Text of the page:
Rock Products

AUG 2019

Rock Products is the aggregates industry's leading source for market analysis and technology solutions, delivering critical content focusing on aggregates-processing equipment; operational efficiencies; management best practices; comprehensive market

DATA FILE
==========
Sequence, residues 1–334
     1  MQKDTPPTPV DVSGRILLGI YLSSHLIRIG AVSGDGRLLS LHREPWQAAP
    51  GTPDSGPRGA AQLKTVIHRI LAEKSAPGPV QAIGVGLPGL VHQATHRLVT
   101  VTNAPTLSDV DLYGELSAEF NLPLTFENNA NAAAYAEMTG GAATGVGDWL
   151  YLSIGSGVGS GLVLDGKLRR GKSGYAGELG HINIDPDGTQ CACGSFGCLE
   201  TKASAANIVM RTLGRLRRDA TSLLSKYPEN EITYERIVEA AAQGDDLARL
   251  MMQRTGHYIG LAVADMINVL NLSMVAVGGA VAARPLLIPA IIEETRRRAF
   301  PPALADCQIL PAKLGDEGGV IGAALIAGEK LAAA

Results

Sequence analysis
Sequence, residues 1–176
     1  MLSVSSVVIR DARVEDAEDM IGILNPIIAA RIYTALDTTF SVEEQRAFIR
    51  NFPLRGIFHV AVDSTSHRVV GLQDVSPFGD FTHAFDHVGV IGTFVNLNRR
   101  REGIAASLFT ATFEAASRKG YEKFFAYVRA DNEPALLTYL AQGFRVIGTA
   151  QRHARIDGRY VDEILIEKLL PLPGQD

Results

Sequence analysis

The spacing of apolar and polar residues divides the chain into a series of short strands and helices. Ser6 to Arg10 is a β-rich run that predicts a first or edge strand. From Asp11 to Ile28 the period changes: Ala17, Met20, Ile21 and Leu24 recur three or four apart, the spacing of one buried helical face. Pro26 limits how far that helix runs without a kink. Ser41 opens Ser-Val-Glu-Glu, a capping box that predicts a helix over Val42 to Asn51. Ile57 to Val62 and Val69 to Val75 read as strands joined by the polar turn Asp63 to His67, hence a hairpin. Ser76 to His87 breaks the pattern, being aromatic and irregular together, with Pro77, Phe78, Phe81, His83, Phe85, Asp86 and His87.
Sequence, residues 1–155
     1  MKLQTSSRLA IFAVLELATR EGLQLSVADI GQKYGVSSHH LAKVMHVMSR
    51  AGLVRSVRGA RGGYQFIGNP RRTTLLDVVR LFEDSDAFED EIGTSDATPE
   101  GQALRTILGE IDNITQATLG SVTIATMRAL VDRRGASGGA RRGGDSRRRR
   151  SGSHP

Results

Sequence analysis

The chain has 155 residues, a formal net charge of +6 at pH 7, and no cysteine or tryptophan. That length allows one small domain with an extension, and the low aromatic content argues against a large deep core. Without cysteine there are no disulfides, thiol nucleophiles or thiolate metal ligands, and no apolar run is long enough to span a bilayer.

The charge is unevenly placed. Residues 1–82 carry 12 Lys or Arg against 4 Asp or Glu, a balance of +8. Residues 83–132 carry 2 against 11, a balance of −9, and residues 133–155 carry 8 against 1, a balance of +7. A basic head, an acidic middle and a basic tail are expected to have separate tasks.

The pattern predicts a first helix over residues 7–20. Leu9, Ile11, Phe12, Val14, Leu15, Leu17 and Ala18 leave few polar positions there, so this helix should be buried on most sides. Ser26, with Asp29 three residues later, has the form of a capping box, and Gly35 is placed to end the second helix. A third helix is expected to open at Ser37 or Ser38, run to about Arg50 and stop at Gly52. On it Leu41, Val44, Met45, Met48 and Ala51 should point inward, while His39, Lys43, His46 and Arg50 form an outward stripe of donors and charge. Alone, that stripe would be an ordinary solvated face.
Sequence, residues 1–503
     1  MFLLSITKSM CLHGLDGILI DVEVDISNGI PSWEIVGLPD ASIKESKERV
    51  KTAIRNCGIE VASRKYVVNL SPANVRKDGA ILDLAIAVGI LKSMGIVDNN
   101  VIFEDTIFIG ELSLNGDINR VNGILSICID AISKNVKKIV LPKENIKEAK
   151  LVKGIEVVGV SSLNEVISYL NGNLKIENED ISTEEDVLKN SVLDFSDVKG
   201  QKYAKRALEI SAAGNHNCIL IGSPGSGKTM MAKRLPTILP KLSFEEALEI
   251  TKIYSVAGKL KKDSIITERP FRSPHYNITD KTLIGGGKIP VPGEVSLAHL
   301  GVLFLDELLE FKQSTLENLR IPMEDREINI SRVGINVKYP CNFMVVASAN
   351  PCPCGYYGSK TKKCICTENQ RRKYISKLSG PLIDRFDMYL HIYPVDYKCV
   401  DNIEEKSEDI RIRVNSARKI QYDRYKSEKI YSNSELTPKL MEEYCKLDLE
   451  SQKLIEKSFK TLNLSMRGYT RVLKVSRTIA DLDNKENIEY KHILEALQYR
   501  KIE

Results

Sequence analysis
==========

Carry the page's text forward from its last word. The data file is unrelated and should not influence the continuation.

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www.rockproducts.com ROCK products • August 2019 • 123 15. Communicators distinguish themselves as professionals by establishing individual reputations based on years of high-quality service and unvarying ethical standards. 16. Ethics are determined by what people do, not by what they say they do. 17. All practitioners of public relations will claim to have ethical standards; the professionals are the ones who live by them. 18. All professional planning and communication reflect a cyclical process of feedback and adjustment. Just as adaptation facilitates biological survival, the feed- back-adjustment process propels the activities of professional communicators. 19. The professional communicator is not an expert who knows what to say; rather, he or she is an expert in dis- covering what to say. 20. Communication practice falls into four categories: tech- nician, facilitator, expert communicator and consultant. Technicians write news releases and speeches, facili- tators arrange processes to help others communicate, expert communicators are company spokespersons and consultants advise business leaders on how to manage corporate culture. Survival of the Fittest 21. Every organization is part of a system with three compo- nents: the organization, its publics and its goals. 22. The ultimate organizational goal is survival. 23. Customers, employees and neighbors constitute a social environment. Like the physical environment, this social environment changes continually. 24. Organizations that adjust to the social changes prosper and survive; organizations that do not lose money and fail. 25. When organizations adjust, they have to make only adjustments that are consistent with their identity and goals. To over adjust is as fatal as not adjusting at all. 26. The public is a reification. We deal with publics. Awareness of the mosaic of publics helps prevent over emphasizing one public at the expense of the others. 27. Every mission statement should do two things: define the organization and set the organization's long-range goals. The longest-range goal is always unspoken; it is to survive. 28. An organization that steers wisely between change pres- sures from the environment of publics and the demands of its mission statement achieves consensus and avoids crisis. Internal Communication 29. A hierarchy of business cultures is represented by how companies handle communication. Worst-case scenario cultures limit communication to giving orders and penal- izing employees who talk back or ask questions. At the next level are companies that ask for feedback but don't act on it. Then there are companies that encourage feed- back and act on it with media. At the highest level are companies who manage culture through communica- tion processes. Everything from the hiring process to employee review to the company picnic is infused with two-way communication. Their employees are kept informed and are empowered to speak up and take action. 30. Treat the employee the way you want the employee to treat the customer. 31. The most important communicator in every company is the manager. Managers have the responsibility of select- ing, directing, supporting and rewarding employees who provide products and services that satisfy customers. 32. Successful companies have happy customers, happy customers receive quality products and services from motivated employees and motivated employees receive support and recognition from their managers. 33. Managers are leaders. A good leader deserves credit, but never seeks it. When leadership is performed well, we do not notice it. And when leadership is most successful, it is no longer needed. 34. Giving orders is not a skill, it is a bad habit. Managers need to identify the right person for the job, ask ques- tions, set guidelines and provide reward and recognition. 35. Good employees work smarter and harder if they help create plans and are allowed to make choices to imple- ment them. The key management skill is managing to get out of their way. 36. The best reward and recognition is a genuine, immediate response to a deserving effort. It is the thanks and the handshake you get for helping someone with a flat; it is the nod you get after you support someone's argument at a meeting and it is the mention of your name when a successful project is reported. 37. Differences between business cultures are not dictated by employee handbooks. Culture is engendered through behaviors observed, evaluated and reproduced through informal interaction, often through gossip. 38. The grapevine preserves normal human communication in the twenty-first century workplace. It carries stories that teach us what is praiseworthy, foolish and pro- fane. Without the grapevine our interaction with other Community Relations Aggregates Industry Almanac

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